It was then that a physicist named John Schwarz jumped up on the stage during a cabaret at the physics center here and began babbling about having discovered a theory that could explain everything. By prearrangement men in white suits swooped in and carried away Dr. Schwarz, then a little-known researcher at the California Institute of Technology.
How Small is an Electron?|
Searching for excited electron states
A striking CDF event from Run II with two
electrons, a photon and a jet detected in the central
calorimeter, with the electron-electron-photon invariant
mass of 343 GeV. Tracks (shown in pink) pointing to the two
central electromagnetic calorimeter clusters identify the
electrons, and the third high energy central cluster without
a matching track indicates the photon. (Click on image for larger version.)|
Discovering the fundamental building blocks of matter has been an
age-old tradition in physics. Presently, quarks and leptons are
believed to be the most fundamental particles in nature. However, the
number of quark and lepton species (six each) and their grouping into
generations is quite reminiscent of the periodic table of elements,
which suggests that quarks and leptons could be bound states of fewer,
smaller particles. The discovery of their composite nature would have
profound implications for our understanding of particle physics. The
Tevatron accelerator, with the world's highest energy, provides the
microscope with the smallest resolution to probe this possibility.
If quarks and leptons do have substructure, they could be observed in
excited states which decay by the emission of a photon. CDF physicists
have studied dielectron+photon events from Run II to see if the masses
of electron-photon pairs cluster around any particular value. The
observation of such a mass 'bump' would be spectacular confirmation of
new constituents of matter. The search, the first to be performed at a
hadron collider, has excluded excited electron states with mass below
430 GeV, which is the world's best sensitivity in certain models. The
observed events (one of which is shown above), while consistent in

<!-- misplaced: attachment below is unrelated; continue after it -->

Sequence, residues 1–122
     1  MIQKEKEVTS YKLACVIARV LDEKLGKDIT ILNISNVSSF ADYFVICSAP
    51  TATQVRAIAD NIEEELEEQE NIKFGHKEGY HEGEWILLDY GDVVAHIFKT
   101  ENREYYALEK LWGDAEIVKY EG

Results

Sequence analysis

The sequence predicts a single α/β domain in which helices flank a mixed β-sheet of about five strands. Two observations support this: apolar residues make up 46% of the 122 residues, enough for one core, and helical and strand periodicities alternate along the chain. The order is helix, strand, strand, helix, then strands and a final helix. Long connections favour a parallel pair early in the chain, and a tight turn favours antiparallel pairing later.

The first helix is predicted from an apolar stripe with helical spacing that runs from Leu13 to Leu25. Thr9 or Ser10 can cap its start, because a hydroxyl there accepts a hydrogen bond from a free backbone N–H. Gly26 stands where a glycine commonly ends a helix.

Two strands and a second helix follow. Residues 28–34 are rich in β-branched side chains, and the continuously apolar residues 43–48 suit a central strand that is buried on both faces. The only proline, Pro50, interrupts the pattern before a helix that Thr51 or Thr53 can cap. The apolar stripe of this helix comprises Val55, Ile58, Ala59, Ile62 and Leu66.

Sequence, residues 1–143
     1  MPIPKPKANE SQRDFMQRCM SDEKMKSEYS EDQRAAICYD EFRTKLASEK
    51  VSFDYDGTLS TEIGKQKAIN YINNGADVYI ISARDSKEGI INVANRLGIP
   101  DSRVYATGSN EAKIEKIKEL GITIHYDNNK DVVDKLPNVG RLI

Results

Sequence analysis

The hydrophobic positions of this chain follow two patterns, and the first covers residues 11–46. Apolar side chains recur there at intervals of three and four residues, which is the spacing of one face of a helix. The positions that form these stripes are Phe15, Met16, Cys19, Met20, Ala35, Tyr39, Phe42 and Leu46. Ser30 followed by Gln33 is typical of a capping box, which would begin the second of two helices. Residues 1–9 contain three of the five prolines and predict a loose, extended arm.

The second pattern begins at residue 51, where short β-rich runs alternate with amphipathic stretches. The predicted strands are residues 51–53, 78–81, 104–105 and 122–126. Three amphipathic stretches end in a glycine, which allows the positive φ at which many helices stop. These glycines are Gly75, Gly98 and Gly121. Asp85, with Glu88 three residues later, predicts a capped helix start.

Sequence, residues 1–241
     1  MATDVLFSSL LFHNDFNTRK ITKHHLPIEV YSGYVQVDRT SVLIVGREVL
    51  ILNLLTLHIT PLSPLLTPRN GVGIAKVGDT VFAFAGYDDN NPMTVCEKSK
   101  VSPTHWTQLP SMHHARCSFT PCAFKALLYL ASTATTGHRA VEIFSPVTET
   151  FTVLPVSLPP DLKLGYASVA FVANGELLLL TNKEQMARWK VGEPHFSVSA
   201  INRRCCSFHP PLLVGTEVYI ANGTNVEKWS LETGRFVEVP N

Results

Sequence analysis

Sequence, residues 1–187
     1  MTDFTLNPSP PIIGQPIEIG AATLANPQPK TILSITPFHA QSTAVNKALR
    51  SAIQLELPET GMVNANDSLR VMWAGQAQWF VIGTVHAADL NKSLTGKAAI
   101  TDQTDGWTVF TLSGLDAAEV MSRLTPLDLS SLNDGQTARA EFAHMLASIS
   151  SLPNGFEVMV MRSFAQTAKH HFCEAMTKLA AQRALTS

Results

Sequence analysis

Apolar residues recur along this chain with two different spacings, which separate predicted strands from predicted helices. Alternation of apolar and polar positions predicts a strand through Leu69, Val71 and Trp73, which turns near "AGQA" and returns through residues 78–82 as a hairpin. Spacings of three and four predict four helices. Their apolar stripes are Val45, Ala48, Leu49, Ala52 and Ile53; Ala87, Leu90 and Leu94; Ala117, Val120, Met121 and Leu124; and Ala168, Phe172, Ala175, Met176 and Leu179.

number with expectations from known sources, are very interesting
because of the presence of very high energy electrons and photons. The
CDF experiment continues to take more data to find out if these events
are harbingers of new physics.
Heather Gerberich and Ashutosh Kotwal from Duke
University worked on this analysis. (Click on image for larger version.)|
Result of the Week Archive
Upcoming Power Outages|
Neutrino Labs A, B, D, E, & F
12/11/04 - These Neutrino Labs will be without power for four hours
starting a 7 AM on Saturday.
Neutrino Labs A, C, & D
12/14 or 15/04 - These Neutrino Labs will be without power for one hour
while they get connected to a generator. They will be on the generator
for about a week and then go down for another hour to connect back to
Fermi Singers' Upcoming Performances
The Fermi Singers will give a Winter Concert early in 2005.
They will also perform during lunch at Chez Leon on December 15
and at the Chapel at Naper Settlement on Friday, December 17 at 6:30 p.m.
Fermilab Blood Drive
Mark your calendars for Fermilab's blood drive on December
13 and 14 from 8:00 a.m. to 2:00 p.m. at Wilson Hall, Ground Floor NE
Training Room. Schedule an appointments below or by calling Lori at x6615.
There is a prize drawing for all who donate -
including 2 lunches for Chez Leon - courtesy of URA!
A T. rex Named Sue will be on display from
November 27, 2004 to February 21, 2005 at SciTech in Aurora.
Fermilab employees receive 2-for-1 admission on Friday, December 10,
2004 from 4:00 to 7:00 p.m.